October 13, 2011


Swirl by Swirl: Spirals in Nature. By Joyce Sidman. Pictures by Beth Krommes. Houghton Mifflin. $16.99.

Everest, Book Two: The Climb. By Gordon Korman. Scholastic. $5.99.

     From spiral-arm galaxies to chipmunks curled up in spirals in their underground burrows, Joyce Sidman and Beth Krommes consider one of nature’s most common and most interesting shapes in Swirl by Swirl. The main part of the book does not actually explain the ubiquity of spirals of all sizes – it simply shows many circumstances in which the shape appears and discusses elements of what makes a spiral a spiral. For example, “a spiral is a growing shape” shows spirals that start small and get larger, such as nautilus shells – shown both in cross section and in the form of living nautiluses. “A spiral is a strong shape” explains that “its outer curves protect what’s inside,” and the pictures show such creatures as a land snail and a European hedgehog – the latter curled into a spiral ball as a red fox sniffs it curiously. It is unusual to treat shapes as if they had emotions, but Sidman’s text does just that, calling a spiral “clever” and “graceful” and saying that it is “bold.” For these comments, Krommes provides pictures of breaking ocean waves and such flowers as daisies and calla lilies. Larger and larger spirals are shown, from a tidal whirlpool to a funnel tornado to, at last, a galaxy, and every picture is drawn to emphasize the spiral-ness of what is portrayed and also to show beauty – even the tornado has grace and lovely proportions. From the largest spirals, Sidman and Krommes return at the end to the small “snuggling shape” with which the book begins. But it is only after the story itself is told that end notes explain how spirals “work so well in so many ways.” This is the place where, in brief, readers learn about the spiral-shaped DNA helix and the frequency of Fibonacci spirals (organized mathematically: each number is the sum of the two previous ones). Here too are explanations of how waves, whirlpools and tornados form and how spiraling in flowers “makes the best use of space and sunlight.” These two explanatory pages are the most fascinating part of the book – everything that comes before is artistic and decorative, but a little lacking in substance. This is one case in which parents should be sure that children read the back-of-the-book material – or, even better, adults and kids can read it and learn together.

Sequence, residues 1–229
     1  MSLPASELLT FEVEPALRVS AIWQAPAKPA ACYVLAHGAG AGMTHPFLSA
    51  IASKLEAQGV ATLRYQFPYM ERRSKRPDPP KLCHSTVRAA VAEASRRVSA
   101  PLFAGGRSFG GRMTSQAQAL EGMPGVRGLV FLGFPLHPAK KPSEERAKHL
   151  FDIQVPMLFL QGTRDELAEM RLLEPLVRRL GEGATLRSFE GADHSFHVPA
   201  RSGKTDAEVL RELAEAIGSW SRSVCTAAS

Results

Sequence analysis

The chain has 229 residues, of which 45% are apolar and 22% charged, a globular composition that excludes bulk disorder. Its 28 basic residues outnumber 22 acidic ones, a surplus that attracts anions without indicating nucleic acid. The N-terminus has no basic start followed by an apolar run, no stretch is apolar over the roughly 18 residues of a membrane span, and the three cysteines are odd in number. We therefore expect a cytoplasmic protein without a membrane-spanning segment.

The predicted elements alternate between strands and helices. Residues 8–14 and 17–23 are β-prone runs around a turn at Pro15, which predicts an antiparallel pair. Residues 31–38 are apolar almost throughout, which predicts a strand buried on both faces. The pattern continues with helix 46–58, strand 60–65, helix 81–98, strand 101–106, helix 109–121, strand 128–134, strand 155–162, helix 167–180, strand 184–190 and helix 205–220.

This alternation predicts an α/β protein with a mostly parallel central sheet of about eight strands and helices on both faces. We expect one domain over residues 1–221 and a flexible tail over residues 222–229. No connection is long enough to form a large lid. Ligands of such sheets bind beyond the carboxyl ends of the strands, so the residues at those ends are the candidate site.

The second book in Gordon Korman’s three-book Everest series is about a something in nature that is bigger than many spirals and smaller than others – and that has loomed large in the human imagination for many years. The Climb, first published in 2002 and now available in paperback, follows The Contest, in which an energy-drink company holds a competition to sponsor the youngest climber ever to surmount Everest. The first book follows several young would-be climbers competing for a place on the four-person teen climbing team. The Climb takes the four young people up the mountain. Korman paces the whole book for action, throwing in some surprises as well (one involving a Slinky that freezes is both dramatic and amusing). The teens, along with the expedition leader, a doctor and a cameraman, have prepared for the climb in tough conditions in Alaska, but Everest, of course, throws even more difficulties at them. Dominic, Perry, Sammi and Tilt are all tested in different ways. It is Dominic’s bravery that will pull most readers into and through the story, especially since it results in the heroic rescue of other climbers. But to make Dominic appealing, Korman paints him as headstrong and unwilling to listen to others or follow a number of rules, including ones designed to keep him and other climbers safe. This makes for appealingly dramatic scenes, but it is also very misleading in terms of the real world: failure to take things very carefully and to listen to the voice of experience is likely to be fatal on any mountain climb, and especially so when climbing Everest. The Climb ends before anyone reaches the top of the mountain – the third book, The Summit, takes the story to its conclusion. There is certainly enough drama and tragedy in The Climb to make young readers eager to find out what happens next; but despite the realism of the setting and the accurate information on mountain climbing, the somewhat overdone interpersonal dynamics mean that The Climb is more melodrama than realistic fiction.

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